Usually, technical standards are created by dedicated standards bodies such as ISO, DIN or ANSI. But I heard that there is supposed to be another construct which can be produced by professional organizations which are not strandards bodies, and that there is legislation in the EU that this construct is treated almost like a standard. I believe that W3C recommendations or RDA recommendations are an example for that.

Is it correct that such a construct exists? If yes, what is its proper name in European legislation? Also, what are the main similarities and differences between that construct and true standards from a legal point of view?

  • 1
    If effectively everyone follows them, then by definition, they're still standards. Possibly de facto standards, but standards nonetheless. Does the EU actually distinguish between, say, ANSI and the W3C in this regard?
    – cHao
    Apr 10 '18 at 15:29
  • @cHao I heard from a colleague that it does, that "official" standards have specific legal standing which other random documents (such as company-internal standards) don't have, and that things like W3C recommendations do have a legal standing close to that of official standards. But the colleague is not a lawyer and did not know more details about it, that's why I wanted to check here if correct, and if yes, what it is so special about standards. I am really talking about legal differences only, not about practical use.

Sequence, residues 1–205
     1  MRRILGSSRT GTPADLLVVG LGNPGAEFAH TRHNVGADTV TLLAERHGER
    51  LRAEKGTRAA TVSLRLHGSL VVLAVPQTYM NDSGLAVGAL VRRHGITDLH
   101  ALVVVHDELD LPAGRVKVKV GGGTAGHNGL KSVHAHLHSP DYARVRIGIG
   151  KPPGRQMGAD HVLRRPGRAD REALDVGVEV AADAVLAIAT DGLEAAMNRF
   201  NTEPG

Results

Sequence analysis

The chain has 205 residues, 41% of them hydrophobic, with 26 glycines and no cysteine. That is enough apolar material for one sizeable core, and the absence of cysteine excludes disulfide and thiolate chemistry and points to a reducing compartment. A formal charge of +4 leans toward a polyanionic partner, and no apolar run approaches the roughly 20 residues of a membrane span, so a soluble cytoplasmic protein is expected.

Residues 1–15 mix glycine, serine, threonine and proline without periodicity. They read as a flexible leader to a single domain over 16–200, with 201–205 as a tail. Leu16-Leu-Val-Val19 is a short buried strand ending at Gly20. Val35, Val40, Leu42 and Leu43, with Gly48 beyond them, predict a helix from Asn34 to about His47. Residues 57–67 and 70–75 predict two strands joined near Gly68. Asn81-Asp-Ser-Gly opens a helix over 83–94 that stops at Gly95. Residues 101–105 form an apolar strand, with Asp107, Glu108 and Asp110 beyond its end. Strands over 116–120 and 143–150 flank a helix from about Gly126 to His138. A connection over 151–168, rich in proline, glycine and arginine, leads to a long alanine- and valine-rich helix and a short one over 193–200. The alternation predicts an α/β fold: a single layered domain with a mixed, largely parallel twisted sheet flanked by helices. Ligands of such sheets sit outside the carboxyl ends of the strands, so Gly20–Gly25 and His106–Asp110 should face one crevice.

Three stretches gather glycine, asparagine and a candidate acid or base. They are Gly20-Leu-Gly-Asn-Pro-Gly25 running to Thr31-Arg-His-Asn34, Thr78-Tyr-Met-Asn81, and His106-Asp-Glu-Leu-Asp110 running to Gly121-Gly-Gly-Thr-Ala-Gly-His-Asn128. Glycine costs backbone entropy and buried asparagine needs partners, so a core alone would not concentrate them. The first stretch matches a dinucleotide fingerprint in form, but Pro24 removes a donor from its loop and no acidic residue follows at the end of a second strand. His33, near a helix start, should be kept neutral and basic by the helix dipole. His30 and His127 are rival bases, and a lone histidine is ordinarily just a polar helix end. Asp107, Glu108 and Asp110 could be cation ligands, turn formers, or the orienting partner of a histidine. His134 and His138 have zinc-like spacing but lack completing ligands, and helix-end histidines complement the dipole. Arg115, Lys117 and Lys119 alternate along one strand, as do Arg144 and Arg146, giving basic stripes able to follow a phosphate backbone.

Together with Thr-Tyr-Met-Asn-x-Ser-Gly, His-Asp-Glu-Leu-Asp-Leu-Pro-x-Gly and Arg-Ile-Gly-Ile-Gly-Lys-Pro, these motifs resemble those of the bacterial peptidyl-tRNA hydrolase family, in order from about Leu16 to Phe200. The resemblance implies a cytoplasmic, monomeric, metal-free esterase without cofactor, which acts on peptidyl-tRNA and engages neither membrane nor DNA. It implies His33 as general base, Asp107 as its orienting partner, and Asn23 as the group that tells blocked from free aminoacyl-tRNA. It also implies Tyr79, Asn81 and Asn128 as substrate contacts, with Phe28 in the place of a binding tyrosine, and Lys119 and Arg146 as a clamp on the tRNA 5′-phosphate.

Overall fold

– Rumi P.
    Apr 10 '18 at 17:38
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    I think that you may be referring to a "regulation" or "directive" but I am not comfortable that this is really what you are looking for.
    – ohwilleke
    Apr 11 '18 at 5:31

Standards can be and are created by anybody: businesses create internal standards, peak professional bodies create standards for their professions, rules of sports created by sports bodies are standards and there are some organisations whose sole purpose is to create standards.

At law they have the same force - basically none.

That is, unless they are incorporated into law by a legislature. Then they have the force of law.

For example, Australian Corporations Law requires public companies to publish annual accounts prepared in accordance with the Australian Accounting Standards which I believe are a joint publication of the two peak accounting bodies.

Similarly, the Building Code of Australia is published by the Australian Building Codes Board and is called up in legislation in every state and territory. It in turn references standards published by Standards Australia so these are also legislative instruments.

That said, court cases often turn on what a reasonable person would do. The existence of a standard (even one that is not law) and if it was or wasn’t followed can be evidence for or against reasonableness.

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